The future of unions: A primer

Union membership is on a steady decline: only about 12 percent of the workforce is unionized, compared to 20 percent in 1983 and higher numbers in earlier years before statistics were tracked.

Numerous theories have been proposed for the decline:

  • Less need for unions due to government interventions like the ones listed in a previous post
  • Increasing number of immigrant workers with a cultural ambiguity toward unions and/or a willingness to work below union wages
  • Increasingly aggressive corporate anti-union tactics, including moving jobs overseas or, in the case of Walmart, closing departments or stores that vote to unionize
  • Increased apathy toward unions as a result of fewer households promoting union ideals to their children
  • Perception of unions as corrupt after scandals involving kickbacks, mob connections, misuse of dues, and pension mishandling in a few private unions
  • Anti-union legislation like “right to work” laws that give incentives for workers not to join unions
  • Less recruiting of new members by unions for financial or political reasons (unionizing large numbers of minorities, for example, could threaten the power of white union leaders)
  • Lack of public relations savvy and strong spokespeople to present a positive image of unions to the public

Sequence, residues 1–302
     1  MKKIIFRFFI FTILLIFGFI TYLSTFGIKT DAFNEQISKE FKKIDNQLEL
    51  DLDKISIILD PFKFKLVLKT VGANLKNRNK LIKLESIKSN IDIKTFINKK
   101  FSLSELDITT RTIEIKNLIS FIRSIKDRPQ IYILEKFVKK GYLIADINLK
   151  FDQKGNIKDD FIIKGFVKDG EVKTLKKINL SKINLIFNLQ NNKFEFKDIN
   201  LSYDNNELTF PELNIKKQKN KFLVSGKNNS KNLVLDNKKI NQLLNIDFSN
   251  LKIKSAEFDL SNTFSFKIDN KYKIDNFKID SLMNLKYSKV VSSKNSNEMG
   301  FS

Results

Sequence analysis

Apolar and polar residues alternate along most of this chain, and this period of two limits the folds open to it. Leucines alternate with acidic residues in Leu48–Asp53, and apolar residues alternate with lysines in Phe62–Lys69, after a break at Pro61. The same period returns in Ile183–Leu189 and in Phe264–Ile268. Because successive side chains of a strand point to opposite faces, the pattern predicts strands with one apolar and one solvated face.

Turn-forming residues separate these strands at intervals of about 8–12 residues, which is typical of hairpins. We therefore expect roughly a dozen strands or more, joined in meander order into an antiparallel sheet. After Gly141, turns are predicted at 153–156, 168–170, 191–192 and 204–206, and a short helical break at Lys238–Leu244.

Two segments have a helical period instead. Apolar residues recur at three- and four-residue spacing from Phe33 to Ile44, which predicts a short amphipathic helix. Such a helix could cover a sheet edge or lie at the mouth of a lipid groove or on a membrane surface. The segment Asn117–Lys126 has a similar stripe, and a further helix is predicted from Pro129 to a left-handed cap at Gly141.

• Perception of union workers as lazy and/or overpaid because of a few overly generous or overly protective clauses in some contracts.

Theorists often focus on one as the cause, but all of them contribute to the problem. In addition to addressing those issues, I recommend that unions take these steps:

1. Get rid of the “us versus them” mentality

Two unions in different sectors have shown it’s possible to put aside past grievances and work together:

In October 2009, teachers and administrators in New Haven, Connecticut, agreed to a new contract that included language making it easier for the administrators to fire bad teachers and reward good ones. The contract was spurred in part by a change from the top: Randi Weingarten, national president of the American Federation of Teachers, said, “This is the time to shed the old conflicts and come together. This is the time to forge a new path for our public schools and change public education for our changing world.”